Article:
Category Archives: Meng Song


The old Menghai road looks like they once thought about repairing it, but then gave up on the idea. There’s not much traffic, but there is some mining up there, so there’s quite a few trucks on the road. Fortunately they’re not big, but they’re probably mostly overladen, which has taken its toll on the road. Mengsong is some kilometers off to the north of this road. Further into Menghai there are many tea factories along the road – witness to the fact that until the end of the last century, this was still the only route from Jinghong to Menghai.

liu sha he river xishuangbanna from old menghai road

Liu Sha He had much more water in it than the last time I was here back in the early summer. Being in the mountains at this time of year is pleasing: the air is redolent with tree blossom – jiang hua line the sides of the roads, providing a dense fragrance that counters the slightly sour pungence of latex tapped from rubber trees that is pervasive at lower altitudes. There is also the smell of damp forest mixed with the alcoholic aroma of fruits that have fallen and lie on the ground untouched.

Besides tea, Autumn is a time to harvest rice and maize. Rice is usually not sold and the maize is typically dried and used for pig fodder.

not only tea - maize harvested in Autumn

Bamboo is cut in the autumn after the zhu chong – bamboo grub – has hatched. If bamboo is harvested at other times of year, the grubs, which have not hatched out, will eat the bamboo, then eat their way out of it.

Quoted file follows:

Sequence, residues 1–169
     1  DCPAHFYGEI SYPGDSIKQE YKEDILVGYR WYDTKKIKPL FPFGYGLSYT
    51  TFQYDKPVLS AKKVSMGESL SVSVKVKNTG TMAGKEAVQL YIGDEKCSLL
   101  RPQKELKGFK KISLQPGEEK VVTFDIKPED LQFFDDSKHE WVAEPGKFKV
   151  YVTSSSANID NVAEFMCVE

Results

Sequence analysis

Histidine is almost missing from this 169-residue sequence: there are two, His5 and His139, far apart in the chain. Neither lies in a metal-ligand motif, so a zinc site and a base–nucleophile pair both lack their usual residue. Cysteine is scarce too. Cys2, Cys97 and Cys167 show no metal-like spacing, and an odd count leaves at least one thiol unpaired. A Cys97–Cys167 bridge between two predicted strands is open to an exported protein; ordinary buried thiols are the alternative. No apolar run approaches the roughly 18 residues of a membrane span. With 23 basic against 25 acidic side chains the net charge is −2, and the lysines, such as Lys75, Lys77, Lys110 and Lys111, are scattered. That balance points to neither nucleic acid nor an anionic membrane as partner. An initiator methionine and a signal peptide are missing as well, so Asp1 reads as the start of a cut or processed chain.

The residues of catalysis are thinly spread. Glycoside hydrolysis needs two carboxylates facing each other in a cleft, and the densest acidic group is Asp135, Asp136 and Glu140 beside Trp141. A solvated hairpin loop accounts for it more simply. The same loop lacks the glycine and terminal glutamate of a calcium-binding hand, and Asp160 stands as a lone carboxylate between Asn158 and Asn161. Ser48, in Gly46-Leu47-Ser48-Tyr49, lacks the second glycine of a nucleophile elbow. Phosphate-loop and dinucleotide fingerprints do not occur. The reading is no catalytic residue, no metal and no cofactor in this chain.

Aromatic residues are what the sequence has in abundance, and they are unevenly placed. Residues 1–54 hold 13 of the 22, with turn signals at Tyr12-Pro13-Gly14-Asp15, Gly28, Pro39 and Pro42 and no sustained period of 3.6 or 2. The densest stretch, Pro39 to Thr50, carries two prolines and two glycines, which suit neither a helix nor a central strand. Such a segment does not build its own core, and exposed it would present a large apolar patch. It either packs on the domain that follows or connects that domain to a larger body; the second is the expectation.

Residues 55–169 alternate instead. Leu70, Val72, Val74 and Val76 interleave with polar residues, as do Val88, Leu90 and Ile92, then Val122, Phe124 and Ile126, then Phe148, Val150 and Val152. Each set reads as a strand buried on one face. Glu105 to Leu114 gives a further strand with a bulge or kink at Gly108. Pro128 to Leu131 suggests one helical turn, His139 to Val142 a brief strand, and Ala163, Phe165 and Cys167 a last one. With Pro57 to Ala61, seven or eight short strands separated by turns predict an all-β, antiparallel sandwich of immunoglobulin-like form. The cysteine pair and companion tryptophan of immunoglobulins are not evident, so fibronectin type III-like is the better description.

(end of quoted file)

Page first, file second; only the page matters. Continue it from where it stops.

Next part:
Long zhu, or Dragon Bamboo, is known for its thick base which is substantial enough for kitchen implements to be fashioned out of it: mugs,jugs,etc.

jug made from base of dragon bamboo

dragon bamboo on horticultural tractor

Meng Song Ku Cha – Bitter Tea

Sinensis assamica var. Kucha – or in plain English, bitter tea, is a sub-variety of sinensis assamica that grows in the Meng Song area. For reasons which are doubtless obvious, it’s not the most sought after of Puer tea, but with a light touch when brewing it can be rather pleasant, with a distinct, lingering, but not overwhelming bitterness.

A friend just dropped by with a few handfuls. We plopped some in the gaiwan. It’s not the prettiest maocha you’ll ever see, but it’s totally honest, unadulterated.

Meng Song sinensis assamica var. kucha

With maybe 5-6 grams in the gaiwan and very quick steeping times, the bitterness does not become overpowering and there’s some decent flavour and fragrance.

Meng Song Bitter Tea leaves after three steepings

The soup is clean – when sampling it’s good to use a gaiwan – not a pot – and no strainer. The broth has a pleasing colour with a hint of pale, almost pinky, gold.

Meng Song Bitter Tea broth

See here for an earlier post about Meng Song: